September 1, 2007 / 3:50 PM / 11 years ago

Gambling adverts on TV as part of overhaul

LONDON (Reuters) - Adverts promoting gambling will be allowed on television screens from Saturday, after new laws came into force.

Gamblers surround a roulette table at a casino in London in a file photo. Adverts promoting gambling will be allowed on television screens from Saturday, after new laws came into force. REUTERS/Dan Chung

The Gambling Act 2005, which replaces nearly all the existing gambling legislation some of which dates back to 1845, will govern arcades, bingo halls, casinos, bookmakers and remote gambling sites based in the UK.

They will be regulated by a new watchdog, the Gambling Commission, which will have the power to impose fines and prosecute any operator not complying with the rules.

It will be supported by 1,500 licensed local authority officers who will inspect gambling premises.

It is the first time operators will be able to advertise on TV, subject to a voluntary 9 a.m. watershed, though adverts can be shown during sports events.

Questions on phone-in quizzes on TV and radio will be made harder to prevent them operating like lotteries, while bingo clubs will be able to offer rollover jackpots.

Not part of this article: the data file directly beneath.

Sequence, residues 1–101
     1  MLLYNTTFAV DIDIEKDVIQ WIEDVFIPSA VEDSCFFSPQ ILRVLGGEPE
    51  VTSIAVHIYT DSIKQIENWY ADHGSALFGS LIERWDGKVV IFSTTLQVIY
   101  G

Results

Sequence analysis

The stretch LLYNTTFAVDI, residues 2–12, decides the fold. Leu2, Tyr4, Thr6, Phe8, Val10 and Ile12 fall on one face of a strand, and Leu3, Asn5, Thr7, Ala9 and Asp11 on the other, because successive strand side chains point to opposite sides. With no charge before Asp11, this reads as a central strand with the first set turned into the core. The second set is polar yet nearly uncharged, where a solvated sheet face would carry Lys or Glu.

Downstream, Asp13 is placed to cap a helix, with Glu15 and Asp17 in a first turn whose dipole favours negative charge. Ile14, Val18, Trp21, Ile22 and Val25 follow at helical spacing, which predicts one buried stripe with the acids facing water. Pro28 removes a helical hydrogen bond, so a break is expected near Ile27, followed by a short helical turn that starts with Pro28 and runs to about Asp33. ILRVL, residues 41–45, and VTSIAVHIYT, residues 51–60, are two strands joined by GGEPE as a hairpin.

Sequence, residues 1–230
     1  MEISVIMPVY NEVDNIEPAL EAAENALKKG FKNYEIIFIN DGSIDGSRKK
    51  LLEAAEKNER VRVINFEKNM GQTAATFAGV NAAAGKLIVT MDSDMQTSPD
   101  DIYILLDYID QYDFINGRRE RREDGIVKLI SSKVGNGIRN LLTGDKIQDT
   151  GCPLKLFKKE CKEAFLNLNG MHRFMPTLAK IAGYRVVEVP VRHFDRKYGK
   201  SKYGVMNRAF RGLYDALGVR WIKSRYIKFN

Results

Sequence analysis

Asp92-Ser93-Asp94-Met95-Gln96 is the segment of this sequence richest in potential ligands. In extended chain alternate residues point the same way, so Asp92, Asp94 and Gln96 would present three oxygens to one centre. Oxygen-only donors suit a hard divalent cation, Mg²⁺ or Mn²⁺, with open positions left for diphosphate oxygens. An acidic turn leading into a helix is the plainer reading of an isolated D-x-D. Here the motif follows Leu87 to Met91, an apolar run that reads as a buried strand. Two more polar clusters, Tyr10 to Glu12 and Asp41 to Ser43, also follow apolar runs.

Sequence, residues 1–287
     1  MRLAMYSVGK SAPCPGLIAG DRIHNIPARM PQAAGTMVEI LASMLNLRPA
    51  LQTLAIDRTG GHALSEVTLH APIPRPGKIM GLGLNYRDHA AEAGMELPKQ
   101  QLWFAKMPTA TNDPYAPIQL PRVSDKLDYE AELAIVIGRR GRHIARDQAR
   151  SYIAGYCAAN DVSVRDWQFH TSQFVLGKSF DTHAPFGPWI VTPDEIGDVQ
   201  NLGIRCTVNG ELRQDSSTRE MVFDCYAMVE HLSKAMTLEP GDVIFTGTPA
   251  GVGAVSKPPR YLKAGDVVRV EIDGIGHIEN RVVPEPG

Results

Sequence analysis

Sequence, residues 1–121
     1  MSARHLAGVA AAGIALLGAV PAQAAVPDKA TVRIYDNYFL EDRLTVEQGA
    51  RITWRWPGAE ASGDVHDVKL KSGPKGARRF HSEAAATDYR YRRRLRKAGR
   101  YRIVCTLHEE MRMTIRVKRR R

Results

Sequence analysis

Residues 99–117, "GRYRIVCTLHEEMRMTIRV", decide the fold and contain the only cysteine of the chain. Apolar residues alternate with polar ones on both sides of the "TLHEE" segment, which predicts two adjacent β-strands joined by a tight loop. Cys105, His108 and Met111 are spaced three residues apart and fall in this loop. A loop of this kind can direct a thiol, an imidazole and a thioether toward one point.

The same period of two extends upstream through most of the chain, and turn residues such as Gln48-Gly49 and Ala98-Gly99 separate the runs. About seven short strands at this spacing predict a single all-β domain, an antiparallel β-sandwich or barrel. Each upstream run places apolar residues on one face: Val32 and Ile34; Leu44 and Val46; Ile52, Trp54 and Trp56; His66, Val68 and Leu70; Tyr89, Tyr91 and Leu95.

The government, in an effort to stave off accusations of encouraging gambling, has made it compulsory for operators to display prominently information about responsible betting and details on how to get help for addiction.

The National Lottery will be regulated by separate bodies.

Sports Minister Gerry Sutcliffe said the laws were necessary because previous legislation had not kept up with technological advances which have changed the way people gamble.

“TVs, home computers and mobile phones have become the digital equivalent of a betting slip and casino chip,” he said.

“The government brought in the Gambling Act because most of our laws were nearly 40 years old and these developments were going unchecked and unregulated.”

He said the new “unprecedented powers” would ensure gambling is conducted “fairly, children and vulnerable people are protected and crime is kept out”.

But the Conservative spokesman on gambling, Tobias Ellwood, speaking on BBC radio, questioned whether the act “has the teeth” to manage new types of gambling such as Internet gambling and games that could be sent to children’s mobile phones.

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